Have you ever wondered why characters in the Superman comics never seem to notice that Clark Kent is obviously Superman? Chances are you don’t give it much thought, and you certainly don’t let it spoil your enjoyment of Superman. After all, you can accept the idea of an alien being who looks completely human, while possessing the ability to fly, super strength, super speed, super hearing and x-ray vision. So why would accepting that Clark only needs to put on a pair of glasses to fool everyone be any less easy to justify?
Sure, you’re not an idiot; you know that in real life anyone who saw Kal-El and Clark would put two and two together right away. But the comic book world isn’t the real world, so you ignore this implausibility and just go with it. In speculative fiction this principle is known as suspension of disbelief, a term that was first coined by nineteenth century poet and philosopher Samuel Taylor Coleridge. This principle refers to readers’ willingness to withhold their incredulity as to the inherent implausibility in the narrative of a work of fiction.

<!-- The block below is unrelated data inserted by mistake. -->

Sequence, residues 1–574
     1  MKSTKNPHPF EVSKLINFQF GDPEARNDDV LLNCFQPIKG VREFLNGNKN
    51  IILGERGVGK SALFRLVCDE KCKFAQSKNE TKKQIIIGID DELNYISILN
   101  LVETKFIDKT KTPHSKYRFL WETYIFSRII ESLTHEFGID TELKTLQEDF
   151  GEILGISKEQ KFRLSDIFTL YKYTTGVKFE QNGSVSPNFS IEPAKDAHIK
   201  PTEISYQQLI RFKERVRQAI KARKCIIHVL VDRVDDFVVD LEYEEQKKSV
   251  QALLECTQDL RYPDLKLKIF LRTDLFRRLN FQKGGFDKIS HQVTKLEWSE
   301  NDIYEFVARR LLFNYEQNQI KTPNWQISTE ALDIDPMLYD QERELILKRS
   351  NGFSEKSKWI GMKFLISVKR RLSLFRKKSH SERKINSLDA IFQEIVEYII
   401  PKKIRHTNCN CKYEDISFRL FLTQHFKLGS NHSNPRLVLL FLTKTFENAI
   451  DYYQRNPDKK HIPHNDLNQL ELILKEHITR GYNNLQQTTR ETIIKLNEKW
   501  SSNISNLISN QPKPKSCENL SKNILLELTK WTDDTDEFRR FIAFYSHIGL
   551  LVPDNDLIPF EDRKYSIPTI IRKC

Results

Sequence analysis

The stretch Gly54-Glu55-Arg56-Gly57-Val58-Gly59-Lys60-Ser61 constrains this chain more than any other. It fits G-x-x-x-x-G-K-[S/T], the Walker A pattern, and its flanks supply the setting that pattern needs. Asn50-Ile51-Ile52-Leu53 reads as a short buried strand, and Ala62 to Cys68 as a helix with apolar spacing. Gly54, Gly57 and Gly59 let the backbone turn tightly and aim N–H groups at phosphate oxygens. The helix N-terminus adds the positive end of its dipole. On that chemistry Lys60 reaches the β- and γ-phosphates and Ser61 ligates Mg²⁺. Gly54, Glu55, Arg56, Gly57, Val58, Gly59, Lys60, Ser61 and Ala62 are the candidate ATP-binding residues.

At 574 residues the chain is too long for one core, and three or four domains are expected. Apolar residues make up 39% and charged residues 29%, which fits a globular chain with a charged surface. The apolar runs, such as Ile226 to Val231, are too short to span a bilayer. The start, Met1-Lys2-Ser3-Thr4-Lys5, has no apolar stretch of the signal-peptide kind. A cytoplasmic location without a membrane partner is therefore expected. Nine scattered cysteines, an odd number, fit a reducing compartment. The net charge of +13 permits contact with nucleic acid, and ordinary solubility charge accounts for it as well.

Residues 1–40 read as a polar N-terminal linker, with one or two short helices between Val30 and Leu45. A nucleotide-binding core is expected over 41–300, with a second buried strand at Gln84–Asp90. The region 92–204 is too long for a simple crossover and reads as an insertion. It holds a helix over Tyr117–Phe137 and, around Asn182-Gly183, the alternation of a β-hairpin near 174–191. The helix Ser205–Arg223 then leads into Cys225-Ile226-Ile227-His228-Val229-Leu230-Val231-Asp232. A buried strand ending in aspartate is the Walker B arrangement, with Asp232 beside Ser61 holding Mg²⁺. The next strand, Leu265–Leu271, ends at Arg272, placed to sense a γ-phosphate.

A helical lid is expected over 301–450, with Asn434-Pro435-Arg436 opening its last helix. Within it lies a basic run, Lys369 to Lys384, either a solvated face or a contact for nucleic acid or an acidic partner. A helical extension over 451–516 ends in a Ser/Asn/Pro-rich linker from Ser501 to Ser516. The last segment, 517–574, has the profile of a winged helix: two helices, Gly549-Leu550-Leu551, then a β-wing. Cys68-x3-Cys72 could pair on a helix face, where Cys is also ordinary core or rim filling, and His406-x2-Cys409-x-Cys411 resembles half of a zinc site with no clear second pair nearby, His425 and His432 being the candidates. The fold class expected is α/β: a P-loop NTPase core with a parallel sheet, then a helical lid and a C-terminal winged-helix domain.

As you can see from the Superman example used in the opening paragraph, suspension of disbelief can be a tricky proposition. All readers of Superman comics are accepting of his otherworldly origins and his super powers, but at the same time many of these same people find it much more difficult to accept that no one is able to recognise that Superman and Clark Kent are the same person. So what is the reason for this discrepancy?
The best explanation I can surmise, is that the creators of superhero comics have successfully established a fictional reality where characters, through various means, are able to possess abilities that nobody could possibly have in the real world. That being the case, as all Superman’s powers are consistent with the internal logic created within superhero comics, people are able to readily suspend their disbelief, as it pertains to his abilities.